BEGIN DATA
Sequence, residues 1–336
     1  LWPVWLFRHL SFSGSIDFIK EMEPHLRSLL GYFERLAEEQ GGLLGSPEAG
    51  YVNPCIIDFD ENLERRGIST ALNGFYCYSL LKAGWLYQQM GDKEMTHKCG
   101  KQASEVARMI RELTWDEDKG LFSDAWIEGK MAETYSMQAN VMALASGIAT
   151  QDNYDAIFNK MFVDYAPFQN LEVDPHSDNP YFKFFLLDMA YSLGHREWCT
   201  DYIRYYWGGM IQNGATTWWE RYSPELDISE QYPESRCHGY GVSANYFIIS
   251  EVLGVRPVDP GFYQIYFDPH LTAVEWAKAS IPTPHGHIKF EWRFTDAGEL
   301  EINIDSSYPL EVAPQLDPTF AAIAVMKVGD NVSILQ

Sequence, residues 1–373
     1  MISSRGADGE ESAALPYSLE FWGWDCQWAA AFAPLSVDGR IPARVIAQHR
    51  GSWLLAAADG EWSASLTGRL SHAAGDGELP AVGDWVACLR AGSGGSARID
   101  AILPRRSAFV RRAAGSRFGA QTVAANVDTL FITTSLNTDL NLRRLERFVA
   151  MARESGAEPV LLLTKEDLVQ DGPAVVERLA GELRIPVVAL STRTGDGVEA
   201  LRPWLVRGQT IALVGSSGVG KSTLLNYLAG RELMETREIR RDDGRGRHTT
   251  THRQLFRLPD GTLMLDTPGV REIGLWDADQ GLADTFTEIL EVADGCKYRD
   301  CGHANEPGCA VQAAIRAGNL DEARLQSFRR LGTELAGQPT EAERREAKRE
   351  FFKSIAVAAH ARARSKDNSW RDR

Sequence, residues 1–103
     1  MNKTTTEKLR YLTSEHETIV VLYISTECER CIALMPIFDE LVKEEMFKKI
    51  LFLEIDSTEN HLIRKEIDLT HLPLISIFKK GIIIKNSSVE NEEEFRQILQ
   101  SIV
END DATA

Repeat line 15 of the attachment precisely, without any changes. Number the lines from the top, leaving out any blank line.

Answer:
   251  THRQLFRLPD GTLMLDTPGV REIGLWDADQ GLADTFTEIL EVADGCKYRD